"I had the honor and privilege to spend four days, me by myself, inside the VAB (Vehicle Assembly Building). It's a huge, huge thing which I have" portrayed many times.
      AAC: The building makes its own weather.
      "That's right, it does. It's an amazing space. So I got to actually be in there with the Shuttle Columbia and did a lot of work. My work in the VAB was so formative for me because a lot of my artwork after that was about the VAB not about the Shuttle or about space itself, but the building that went into the creation of the Shuttle and of the other space vehicles."
      AAC: Do you find that happens to a lot of people? Did you start out with an idea that you wanted to be, say a belly button designer when you grew up, but because you ended up working so intensely in the VAB, that became your focus instead?
      "Yes, I think it was so moving. It's such an experience to be in the inner sanctum and very few people get to take a tour of it, let alone spend four consecutive days just being loose in the building. That kind of access was without a doubt one of the high points of my career, my life, because that building, I guess it's just like traditional cathedrals. The interior dimensions of something create the space and that space affects you psychologically and for me being in that space was an unparalleled experience."
      "Cathedrals are tall and narrow but this thing is a cube. I don't think I've ever been in a space like that and don't think I will be again. And when I went on the roof. Oh! To be up there with the vultures."
      Do you mean literal vultures?
      "Yes. Many people don't realize that Kennedy Space Center is a nature preserve. It has a huge population bald eagles and vultures and alligators. It should be a national park like the Everglades."

      The great-granddaughter of world-renowned architect, etcher, and author George T. Plowman, Deschner Iazzo studied intaglio and oil painting in Athens, Greece. She followed up that artistic training by pursuing a PhD in Psychology studying the emotional meaning of shapes. She created the Diagnostic Drawing Test. Deschner Iazzo's artistic emphasis is on experimental etchings, collages, and mixed media. She creates images related to the space program, childbirth, Russia, and mangrove trees.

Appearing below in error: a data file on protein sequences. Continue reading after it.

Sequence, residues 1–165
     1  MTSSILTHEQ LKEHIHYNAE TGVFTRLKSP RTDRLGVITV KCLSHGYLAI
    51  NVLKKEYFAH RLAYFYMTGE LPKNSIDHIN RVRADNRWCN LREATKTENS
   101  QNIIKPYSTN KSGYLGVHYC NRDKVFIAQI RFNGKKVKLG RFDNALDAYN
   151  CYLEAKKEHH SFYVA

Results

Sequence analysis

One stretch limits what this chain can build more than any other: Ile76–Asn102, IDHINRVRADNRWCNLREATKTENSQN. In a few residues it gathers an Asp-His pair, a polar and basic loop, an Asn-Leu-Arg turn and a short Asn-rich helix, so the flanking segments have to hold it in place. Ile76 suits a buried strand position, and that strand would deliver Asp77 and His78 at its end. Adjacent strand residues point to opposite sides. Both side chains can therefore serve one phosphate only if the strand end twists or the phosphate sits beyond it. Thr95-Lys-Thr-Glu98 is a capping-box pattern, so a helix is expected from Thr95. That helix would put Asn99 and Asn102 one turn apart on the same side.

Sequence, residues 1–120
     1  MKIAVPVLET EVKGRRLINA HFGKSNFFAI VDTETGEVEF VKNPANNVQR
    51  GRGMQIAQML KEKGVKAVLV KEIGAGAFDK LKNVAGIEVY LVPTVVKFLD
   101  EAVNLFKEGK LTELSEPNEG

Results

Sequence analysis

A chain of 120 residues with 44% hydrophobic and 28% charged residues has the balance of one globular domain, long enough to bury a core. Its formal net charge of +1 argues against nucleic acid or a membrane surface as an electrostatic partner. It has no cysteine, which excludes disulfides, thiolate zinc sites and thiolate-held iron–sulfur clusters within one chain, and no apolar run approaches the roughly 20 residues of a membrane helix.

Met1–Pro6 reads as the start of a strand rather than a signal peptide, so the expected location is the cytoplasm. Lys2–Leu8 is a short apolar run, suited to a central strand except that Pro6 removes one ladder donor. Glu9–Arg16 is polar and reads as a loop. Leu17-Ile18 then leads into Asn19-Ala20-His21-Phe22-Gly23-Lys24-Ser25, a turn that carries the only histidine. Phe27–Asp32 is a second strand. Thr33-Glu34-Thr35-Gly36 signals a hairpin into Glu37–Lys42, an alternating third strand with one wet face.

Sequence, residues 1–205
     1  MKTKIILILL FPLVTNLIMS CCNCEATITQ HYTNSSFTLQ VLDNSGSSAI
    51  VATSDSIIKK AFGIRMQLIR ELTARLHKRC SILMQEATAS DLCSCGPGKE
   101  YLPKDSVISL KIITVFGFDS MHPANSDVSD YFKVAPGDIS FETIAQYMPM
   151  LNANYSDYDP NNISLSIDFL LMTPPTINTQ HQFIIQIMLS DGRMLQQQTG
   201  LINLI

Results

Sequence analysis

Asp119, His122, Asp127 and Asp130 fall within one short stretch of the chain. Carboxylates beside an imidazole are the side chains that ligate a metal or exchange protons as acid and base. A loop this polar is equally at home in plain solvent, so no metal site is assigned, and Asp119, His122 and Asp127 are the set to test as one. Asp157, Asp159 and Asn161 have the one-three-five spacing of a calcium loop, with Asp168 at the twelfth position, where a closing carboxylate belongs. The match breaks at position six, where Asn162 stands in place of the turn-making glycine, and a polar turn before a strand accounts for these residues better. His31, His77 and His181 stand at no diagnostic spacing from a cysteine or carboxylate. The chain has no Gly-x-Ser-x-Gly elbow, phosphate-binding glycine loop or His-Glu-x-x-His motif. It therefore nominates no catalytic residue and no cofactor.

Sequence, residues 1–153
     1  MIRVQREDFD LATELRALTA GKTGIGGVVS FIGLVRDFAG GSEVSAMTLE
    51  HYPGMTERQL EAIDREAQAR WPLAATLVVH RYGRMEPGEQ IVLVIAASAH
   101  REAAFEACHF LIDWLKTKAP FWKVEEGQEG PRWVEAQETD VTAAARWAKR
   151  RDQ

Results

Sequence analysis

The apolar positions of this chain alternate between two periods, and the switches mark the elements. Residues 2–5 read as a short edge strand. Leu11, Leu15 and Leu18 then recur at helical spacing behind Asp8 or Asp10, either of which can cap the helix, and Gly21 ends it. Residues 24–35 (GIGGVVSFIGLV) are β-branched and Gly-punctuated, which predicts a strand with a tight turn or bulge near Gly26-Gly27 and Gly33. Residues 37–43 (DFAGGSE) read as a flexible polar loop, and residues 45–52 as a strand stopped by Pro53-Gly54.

ArTrain Rides the Rails of Vermont

Photo Credits: National Aeronautics and Space Administration

Space Art: "Sudden Change," oil on canvas. This commemorative painting attempts to capture in an expressionistic way, the dramatic sense of sudden change during the Challenger accident. The canvas is mounted in the round with the inten of making viewers move around the piece. From left to right, the initial portion observed is tranquil. Further right the launch scene abruptly comes into view.
NASA Art Program, Kennedy Space Center, FL.

Space Art: "Resolutions," oil and silver leaf on canvas. This second 51-L (Challenger) commemorative piece was painted as a counterpart to "Sudden Change," Deborah Deschner Iazzo's first assignment painting. Completed nearly a year later, "Resolutions" addresses the healing process on both a personal and a public level. The stark, metallic gray landscape which dwarfs an empty launch pad is reminiscent of the difficult period of grief and loss. The silver leaf armband-like strip across the panels forms a division or wall which casts a long shadow over the "new" landscape. Dawn is also beginning to appear. The three panels symbolize the basic, unchanging elements of our worlds of experience and exploration: ocean, earth, and sky.
NASA Art Program, Kennedy Space Center, FL.

Space Art: "Belly of the Bird," etching print on paper. Reentry heat created the subtle patterns on the protection tiles of the Space Shuttle Columbia. Using the etching process, Deborah Deschner Iazzo echoed the tile surface with her acid-burned, metal printing plate.
Used with permission of the artist

Space Art: "VAB, Mangroves, and Roofbirds," color etching. An abstraction of elements and reccurent forms visible on and around the Vehicle Assembly Building; at Kennedy Space Center, Florida, and its natural environment.
NASA Art Program, Kennedy Space Center, FL.

ArTrain Rides the Rails of Vermont

All Arts Council of Franklin County

Dick Harper, Chair
P.O. Box 1
Highgate Springs, VT 05460
email us

AAC dancing logo
Railroad Days Artrain USA AAC Exhibit AAC
History Tour Artrain FAQ Things to Do
Sponsors School News Maps